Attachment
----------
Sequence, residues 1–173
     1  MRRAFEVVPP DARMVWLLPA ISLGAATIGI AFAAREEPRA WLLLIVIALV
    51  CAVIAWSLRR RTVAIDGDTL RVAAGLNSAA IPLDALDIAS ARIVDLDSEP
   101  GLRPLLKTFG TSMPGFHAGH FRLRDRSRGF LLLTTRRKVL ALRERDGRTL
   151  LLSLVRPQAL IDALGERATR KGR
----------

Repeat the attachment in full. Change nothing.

Sequence, residues 1–173
     1  MRRAFEVVPP DARMVWLLPA ISLGAATIGI AFAAREEPRA WLLLIVIALV
    51  CAVIAWSLRR RTVAIDGDTL RVAAGLNSAA IPLDALDIAS ARIVDLDSEP
   101  GLRPLLKTFG TSMPGFHAGH FRLRDRSRGF LLLTTRRKVL ALRERDGRTL
   151  LLSLVRPQAL IDALGERATR KGR